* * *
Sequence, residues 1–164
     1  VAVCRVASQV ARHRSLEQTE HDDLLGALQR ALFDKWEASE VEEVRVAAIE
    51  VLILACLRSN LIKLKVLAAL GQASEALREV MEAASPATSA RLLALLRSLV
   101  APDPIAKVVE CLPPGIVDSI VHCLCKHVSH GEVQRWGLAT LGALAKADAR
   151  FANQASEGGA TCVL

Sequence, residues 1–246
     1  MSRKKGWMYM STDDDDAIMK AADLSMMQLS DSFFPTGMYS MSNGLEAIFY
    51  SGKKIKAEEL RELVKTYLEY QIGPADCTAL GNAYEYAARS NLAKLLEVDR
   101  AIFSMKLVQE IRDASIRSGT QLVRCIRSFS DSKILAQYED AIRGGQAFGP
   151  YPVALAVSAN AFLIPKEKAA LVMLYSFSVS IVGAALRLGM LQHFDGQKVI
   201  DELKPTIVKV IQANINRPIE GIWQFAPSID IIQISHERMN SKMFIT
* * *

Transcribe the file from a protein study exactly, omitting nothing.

Sequence, residues 1–164
     1  VAVCRVASQV ARHRSLEQTE HDDLLGALQR ALFDKWEASE VEEVRVAAIE
    51  VLILACLRSN LIKLKVLAAL GQASEALREV MEAASPATSA RLLALLRSLV
   101  APDPIAKVVE CLPPGIVDSI VHCLCKHVSH GEVQRWGLAT LGALAKADAR
   151  FANQASEGGA TCVL

Sequence, residues 1–246
     1  MSRKKGWMYM STDDDDAIMK AADLSMMQLS DSFFPTGMYS MSNGLEAIFY
    51  SGKKIKAEEL RELVKTYLEY QIGPADCTAL GNAYEYAARS NLAKLLEVDR
   101  AIFSMKLVQE IRDASIRSGT QLVRCIRSFS DSKILAQYED AIRGGQAFGP
   151  YPVALAVSAN AFLIPKEKAA LVMLYSFSVS IVGAALRLGM LQHFDGQKVI
   201  DELKPTIVKV IQANINRPIE GIWQFAPSID IIQISHERMN SKMFIT